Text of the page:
Fresh call for statutory Magdalene inquiry
Women in Magdalene laundries denied basic human rights, Irish Human Rights Commission report finds
Des Hogan, acting chief executive of the Irish Human Rights Commission, said the mandate of the McAleese committee “was fact-finding only”. Photograph: Alan Betson
The Irish Human Rights Commission (IHRC) has repeated its 2010 call for a statutory inquiry into the Magdalene laundries on the lines of the Murphy commission which investigated the handling of clerical child sex abuse allegations in Dublin’s Catholic archdiocese.
However, it has also insisted that whatever redress scheme may have been recommended to the Government by Mr Justice John Quirke should go ahead immediately. Mr Justice Quirke’s proposals are to be published “shortly”, according to a spokeswoman for the Department of Justice.
In its Follow-up Report on State Involvement with Magdalen Laundries, published today, the commission said “the State failed in its obligations to protect the human rights of girls and women in the laundries”.
It called for “a comprehensive redress scheme that provides individual compensation, restitution and rehabilitation for the women in accordance with the State’s human rights obligations”.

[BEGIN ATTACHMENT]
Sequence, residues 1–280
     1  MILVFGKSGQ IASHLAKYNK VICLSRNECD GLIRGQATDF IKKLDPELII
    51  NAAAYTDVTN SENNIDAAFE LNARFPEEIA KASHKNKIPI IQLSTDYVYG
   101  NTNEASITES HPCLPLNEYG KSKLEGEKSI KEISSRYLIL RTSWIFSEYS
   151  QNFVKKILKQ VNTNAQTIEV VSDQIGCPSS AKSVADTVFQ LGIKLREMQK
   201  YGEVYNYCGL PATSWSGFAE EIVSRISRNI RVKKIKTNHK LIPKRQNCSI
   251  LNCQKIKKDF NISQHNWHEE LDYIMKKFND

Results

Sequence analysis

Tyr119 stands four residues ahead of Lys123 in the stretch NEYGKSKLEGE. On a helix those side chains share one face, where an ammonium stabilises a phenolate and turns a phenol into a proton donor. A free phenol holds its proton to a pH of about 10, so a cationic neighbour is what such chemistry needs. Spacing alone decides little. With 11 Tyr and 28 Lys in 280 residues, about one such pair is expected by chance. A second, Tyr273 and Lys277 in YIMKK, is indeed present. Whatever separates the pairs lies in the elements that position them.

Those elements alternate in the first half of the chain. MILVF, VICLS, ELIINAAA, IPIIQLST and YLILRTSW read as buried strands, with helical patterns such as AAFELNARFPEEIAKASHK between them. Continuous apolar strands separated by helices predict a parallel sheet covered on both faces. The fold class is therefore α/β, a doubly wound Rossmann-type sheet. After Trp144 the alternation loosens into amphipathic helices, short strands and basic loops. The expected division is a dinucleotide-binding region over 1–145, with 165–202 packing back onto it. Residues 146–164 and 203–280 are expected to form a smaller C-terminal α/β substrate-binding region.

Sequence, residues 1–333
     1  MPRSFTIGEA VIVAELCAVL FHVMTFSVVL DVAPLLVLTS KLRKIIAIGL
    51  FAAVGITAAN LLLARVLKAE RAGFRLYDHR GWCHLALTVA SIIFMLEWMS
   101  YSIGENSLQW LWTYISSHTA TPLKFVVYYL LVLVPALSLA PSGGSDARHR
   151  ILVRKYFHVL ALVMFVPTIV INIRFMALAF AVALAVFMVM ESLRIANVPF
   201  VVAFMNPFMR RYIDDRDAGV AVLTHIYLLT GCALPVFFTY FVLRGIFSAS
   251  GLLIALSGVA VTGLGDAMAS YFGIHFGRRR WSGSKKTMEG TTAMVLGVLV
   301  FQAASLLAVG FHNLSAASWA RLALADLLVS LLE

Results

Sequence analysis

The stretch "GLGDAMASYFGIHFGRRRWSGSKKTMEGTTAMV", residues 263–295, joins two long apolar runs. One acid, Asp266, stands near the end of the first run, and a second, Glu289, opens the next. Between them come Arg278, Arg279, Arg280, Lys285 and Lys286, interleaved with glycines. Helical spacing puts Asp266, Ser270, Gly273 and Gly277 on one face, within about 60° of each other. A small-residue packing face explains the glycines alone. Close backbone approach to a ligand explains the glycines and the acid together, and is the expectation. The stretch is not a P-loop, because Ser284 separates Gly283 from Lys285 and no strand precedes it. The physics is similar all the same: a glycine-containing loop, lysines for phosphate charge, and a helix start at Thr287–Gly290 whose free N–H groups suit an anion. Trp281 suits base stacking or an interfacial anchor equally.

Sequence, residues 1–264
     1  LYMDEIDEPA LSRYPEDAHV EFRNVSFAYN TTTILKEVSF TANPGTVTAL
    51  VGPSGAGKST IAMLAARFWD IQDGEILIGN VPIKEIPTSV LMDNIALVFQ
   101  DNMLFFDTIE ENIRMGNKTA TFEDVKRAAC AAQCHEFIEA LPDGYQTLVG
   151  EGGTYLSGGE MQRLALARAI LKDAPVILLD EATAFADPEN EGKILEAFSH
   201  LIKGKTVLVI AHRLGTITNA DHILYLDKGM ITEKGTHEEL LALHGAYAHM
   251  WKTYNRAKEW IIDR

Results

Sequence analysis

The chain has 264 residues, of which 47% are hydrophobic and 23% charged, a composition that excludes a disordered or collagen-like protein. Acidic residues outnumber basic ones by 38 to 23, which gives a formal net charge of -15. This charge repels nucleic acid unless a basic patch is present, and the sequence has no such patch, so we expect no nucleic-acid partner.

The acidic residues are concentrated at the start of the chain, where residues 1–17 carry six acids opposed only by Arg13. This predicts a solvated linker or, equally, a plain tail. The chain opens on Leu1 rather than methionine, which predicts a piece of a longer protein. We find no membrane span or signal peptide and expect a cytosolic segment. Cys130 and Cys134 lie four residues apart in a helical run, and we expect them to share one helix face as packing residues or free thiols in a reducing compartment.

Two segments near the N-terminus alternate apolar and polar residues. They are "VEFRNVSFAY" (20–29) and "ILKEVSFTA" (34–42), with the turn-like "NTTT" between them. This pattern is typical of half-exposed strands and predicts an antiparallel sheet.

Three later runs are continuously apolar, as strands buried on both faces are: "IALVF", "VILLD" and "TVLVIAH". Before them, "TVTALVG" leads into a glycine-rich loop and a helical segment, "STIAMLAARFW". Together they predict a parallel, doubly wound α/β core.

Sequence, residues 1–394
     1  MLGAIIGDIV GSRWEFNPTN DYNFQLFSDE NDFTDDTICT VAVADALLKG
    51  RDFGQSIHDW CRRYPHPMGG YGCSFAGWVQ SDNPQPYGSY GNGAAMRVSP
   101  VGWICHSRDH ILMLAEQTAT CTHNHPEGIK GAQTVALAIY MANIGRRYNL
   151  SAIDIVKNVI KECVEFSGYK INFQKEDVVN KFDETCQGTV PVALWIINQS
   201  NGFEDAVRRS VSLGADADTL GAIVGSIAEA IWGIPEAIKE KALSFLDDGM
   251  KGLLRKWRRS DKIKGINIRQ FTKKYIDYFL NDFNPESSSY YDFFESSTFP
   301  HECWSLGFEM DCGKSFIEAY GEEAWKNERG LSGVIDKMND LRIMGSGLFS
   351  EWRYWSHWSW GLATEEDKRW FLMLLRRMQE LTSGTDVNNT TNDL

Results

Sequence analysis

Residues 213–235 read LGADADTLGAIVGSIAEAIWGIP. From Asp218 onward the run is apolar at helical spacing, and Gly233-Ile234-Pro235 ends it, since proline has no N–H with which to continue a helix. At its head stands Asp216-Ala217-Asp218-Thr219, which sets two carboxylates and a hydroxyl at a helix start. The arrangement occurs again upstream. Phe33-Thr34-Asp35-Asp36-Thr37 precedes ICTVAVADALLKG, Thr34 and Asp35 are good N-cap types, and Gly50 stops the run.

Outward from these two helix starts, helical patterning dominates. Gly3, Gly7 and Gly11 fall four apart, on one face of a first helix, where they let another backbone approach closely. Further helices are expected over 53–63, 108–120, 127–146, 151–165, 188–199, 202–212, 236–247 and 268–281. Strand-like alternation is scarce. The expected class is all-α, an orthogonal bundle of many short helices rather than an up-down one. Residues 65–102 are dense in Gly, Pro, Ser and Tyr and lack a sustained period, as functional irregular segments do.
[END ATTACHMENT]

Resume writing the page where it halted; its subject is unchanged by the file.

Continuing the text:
The commission has compiled its latest report following a review of “the facts set out in the report of the interdepartmental committee chaired by Senator Martin McAleese”, presented to the Government last February, and after it “revisited” its own findings in its 2010 Assessment Report “in light of information now available”.
It concluded that “girls and women placed in the Magdalene laundries did not have their human rights fully respected in relation to equality, liberty, respect for private lives, education, and to be free from forced or compulsory labour or servitude”.
Des Hogan, acting chief executive of the commission, said at the report’s launch yesterday that the mandate of the McAleese committee “was fact-finding only. It had no remit to consider the human rights law or indeed any legal implications of the placement of girls and women in the laundries by the State and other actors”.
He said the commission’s report took the facts established in the McAleese report and filtered them through the prism of the human rights obligations of the State. He pointed to “the duty of the State to vindicate the rights of its citizens under the Constitution and under international human rights law. Our report today focuses on this duty”.
Sinéad Lucey, senior inquiry and legal officer with the commission, emphasised that the document produced yesterday was “not an investigative report. It is a human rights analysis drawn from all the information at our disposal, including the additional information which has come to light through the McAleese report.”
The McAleese report considered “only the actual acts of State engagement with the laundries”, while the commission reflected on “the wider issue of State responsibility.”
The full report is available at ihrc.ie